Archer To Run For Seat On Leesburg Town Council

(photo supplied / Times Union)

Christina Archer retired from a 25-year teaching career in Texas eight years ago and then returned to her native Leesburg and got busy.

After years of regularly attending town council meetings and having a role in several community activities, Archer is taking the next step by seeking a seat on the Leesburg Town Council.

She filed as a candidate to run in the upcoming Republican caucus to fill the vacancy created after Larry Richey resigned earlier in January.

The caucus will be at 7 p.m. Tuesday at the Plain Township Fire Station. Deadline to file with the Republican Party chair, Mike Ragan, is 7 p.m. Saturday.

Archer’s entry into the caucus creates a two-way race as of Friday. If nobody else files, Archer will face Tyler Haines.

RELATED: Haines seeks seat on Leesburg Town Council

For several years, Archer, 66, has helped coordinate the town’s annual garage sale and the corresponding town cleanup day which focuses on big, unwanted items.

While the trash collection effort costs the town “a little bit of money,” she said she finds it worthwhile in getting rid of some big items that sometimes end up along roadsides.

Archer has also helped with veterans activities at the cemetery that is part of the Memorial Day Parade and has been the lead organizer in the annual holiday candlelaria that involves the lighting of hundred and candles along the town’s main roads.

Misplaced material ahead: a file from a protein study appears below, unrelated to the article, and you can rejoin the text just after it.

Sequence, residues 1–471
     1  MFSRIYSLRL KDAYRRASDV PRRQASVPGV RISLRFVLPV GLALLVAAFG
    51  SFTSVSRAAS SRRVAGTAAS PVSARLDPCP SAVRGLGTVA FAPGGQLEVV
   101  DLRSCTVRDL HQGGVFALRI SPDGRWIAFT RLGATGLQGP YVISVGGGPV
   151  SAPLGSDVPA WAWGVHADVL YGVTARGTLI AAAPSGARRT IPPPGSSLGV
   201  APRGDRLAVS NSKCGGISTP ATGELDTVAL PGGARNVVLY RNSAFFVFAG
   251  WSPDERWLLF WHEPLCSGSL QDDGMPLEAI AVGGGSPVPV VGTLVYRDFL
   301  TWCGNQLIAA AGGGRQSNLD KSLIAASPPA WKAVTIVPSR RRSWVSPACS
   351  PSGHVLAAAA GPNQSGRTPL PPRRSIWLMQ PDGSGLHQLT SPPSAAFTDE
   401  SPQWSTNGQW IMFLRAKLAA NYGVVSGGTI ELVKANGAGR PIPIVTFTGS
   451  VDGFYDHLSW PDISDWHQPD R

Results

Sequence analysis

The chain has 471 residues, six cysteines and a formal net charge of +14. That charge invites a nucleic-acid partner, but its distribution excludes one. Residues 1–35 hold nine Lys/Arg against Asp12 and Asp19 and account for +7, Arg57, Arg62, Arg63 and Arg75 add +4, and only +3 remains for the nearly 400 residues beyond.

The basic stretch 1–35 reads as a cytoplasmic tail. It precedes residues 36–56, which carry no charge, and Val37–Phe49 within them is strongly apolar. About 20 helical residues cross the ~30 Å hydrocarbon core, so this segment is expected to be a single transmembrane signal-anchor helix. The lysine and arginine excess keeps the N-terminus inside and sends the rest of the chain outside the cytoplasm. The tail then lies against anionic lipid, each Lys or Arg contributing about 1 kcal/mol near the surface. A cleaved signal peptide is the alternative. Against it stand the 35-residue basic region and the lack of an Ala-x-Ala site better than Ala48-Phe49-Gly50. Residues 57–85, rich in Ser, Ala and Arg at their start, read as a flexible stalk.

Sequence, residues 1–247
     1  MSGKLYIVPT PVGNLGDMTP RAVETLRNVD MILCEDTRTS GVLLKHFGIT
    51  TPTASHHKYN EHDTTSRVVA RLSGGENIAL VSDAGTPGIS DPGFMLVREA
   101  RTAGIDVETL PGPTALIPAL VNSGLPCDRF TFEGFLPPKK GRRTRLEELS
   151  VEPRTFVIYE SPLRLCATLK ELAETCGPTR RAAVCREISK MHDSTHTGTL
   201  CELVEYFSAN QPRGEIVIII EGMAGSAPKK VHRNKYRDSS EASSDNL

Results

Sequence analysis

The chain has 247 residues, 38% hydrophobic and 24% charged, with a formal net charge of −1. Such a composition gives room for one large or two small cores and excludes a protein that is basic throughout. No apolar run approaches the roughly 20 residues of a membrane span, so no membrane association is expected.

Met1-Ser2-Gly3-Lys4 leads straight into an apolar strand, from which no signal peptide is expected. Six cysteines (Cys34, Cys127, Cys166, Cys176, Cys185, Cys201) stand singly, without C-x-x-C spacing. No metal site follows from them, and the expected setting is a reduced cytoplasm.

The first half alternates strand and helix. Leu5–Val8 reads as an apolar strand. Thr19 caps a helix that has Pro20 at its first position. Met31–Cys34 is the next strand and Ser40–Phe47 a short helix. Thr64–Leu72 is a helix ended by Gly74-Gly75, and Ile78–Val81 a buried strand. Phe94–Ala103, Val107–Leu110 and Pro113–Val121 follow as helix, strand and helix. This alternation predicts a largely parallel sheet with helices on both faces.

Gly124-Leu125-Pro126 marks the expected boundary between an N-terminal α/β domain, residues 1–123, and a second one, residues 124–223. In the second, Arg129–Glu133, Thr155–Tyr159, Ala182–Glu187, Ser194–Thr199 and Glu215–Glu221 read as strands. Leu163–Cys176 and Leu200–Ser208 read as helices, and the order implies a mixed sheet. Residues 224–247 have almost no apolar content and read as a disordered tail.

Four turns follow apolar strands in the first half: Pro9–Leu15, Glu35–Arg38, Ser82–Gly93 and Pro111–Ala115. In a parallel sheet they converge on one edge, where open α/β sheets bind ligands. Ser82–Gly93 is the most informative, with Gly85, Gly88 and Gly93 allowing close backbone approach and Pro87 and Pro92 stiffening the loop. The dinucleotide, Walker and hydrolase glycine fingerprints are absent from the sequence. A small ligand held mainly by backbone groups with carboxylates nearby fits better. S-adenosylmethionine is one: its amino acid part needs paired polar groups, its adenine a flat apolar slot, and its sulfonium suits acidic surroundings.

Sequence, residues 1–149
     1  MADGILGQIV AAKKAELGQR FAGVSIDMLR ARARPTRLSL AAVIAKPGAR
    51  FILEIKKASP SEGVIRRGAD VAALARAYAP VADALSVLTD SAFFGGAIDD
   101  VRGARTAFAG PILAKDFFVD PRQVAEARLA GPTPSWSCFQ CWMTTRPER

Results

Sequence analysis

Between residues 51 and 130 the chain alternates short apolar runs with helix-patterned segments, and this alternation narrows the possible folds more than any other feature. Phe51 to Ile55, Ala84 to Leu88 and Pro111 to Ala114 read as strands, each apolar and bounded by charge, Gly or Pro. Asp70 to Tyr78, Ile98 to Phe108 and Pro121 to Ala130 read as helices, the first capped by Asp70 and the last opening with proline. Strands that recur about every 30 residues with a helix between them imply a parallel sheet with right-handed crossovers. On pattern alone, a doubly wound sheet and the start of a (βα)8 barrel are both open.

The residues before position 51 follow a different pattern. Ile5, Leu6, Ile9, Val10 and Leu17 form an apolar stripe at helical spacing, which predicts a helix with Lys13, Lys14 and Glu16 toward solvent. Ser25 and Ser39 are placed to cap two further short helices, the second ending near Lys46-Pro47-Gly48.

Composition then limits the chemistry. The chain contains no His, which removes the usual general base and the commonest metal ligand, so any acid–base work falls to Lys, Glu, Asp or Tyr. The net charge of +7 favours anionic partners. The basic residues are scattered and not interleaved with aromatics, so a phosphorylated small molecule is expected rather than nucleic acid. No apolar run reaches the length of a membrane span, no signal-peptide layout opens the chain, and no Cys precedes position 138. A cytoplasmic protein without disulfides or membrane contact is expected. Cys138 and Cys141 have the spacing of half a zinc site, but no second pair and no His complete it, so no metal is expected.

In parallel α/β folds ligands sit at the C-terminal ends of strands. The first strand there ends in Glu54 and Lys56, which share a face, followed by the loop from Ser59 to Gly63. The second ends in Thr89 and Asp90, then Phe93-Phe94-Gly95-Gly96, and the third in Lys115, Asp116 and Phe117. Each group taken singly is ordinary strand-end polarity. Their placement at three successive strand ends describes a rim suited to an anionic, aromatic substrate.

Even though she lived out of state for two dozen years, she said she returned home each summer and, to a degree, feels like she never left.

As is the case with Haines, Archer said she’s not running because she’s upset with how the town is being run, but rather, she wants to help continue keeping the town headed on a good path.

She said she believes the town has a track record of being financially prudent while at the same time providing good services.

But that doesn’t mean there are not things she wants to help accomplish.

One issue is increasing the town’s visibility through existing tourism guides and other means. The town has a website, but she said she thinks it could be improved.

Those kinds of changes might lay the groundwork to attract more business to the town, she said.

“We certainly have other challenges, but you have to start somewhere. I think those are two steps that would not be difficult and not cost taxpayers a lot of money to do it,” she said.

She said she’s excited about the town’s progress in making the town hall and clerk-treasurer’s office handicapped accessible. Drawings for the change already exist, but she added, “I would really like to have a part in seeing these plans come to fruition.”

Another issue she would like to look into are ways to reduce the number of stray animals. While some residents allow their pet dogs and cats to run loose, the bigger problem is the number of ferrel cats and stray dogs.

The town lacks a police department, which limits enforcement of stray animal ordinances. “That’s a difficult one for the town board and it’s come up a number of times in past years,” she said.

Archer was a high school English teacher for 25 years in Rio Grande Valley in a town about five miles from the Mexican border in one of the poorest school districts in the country.

She said she considers herself to be fairly bilingual and has volunteered as a “Lunch Buddy” at Leesburg Elementary where her bilingual skills come into play with Hispanic students.

Tuesday’s caucus will be her first foray into elected office.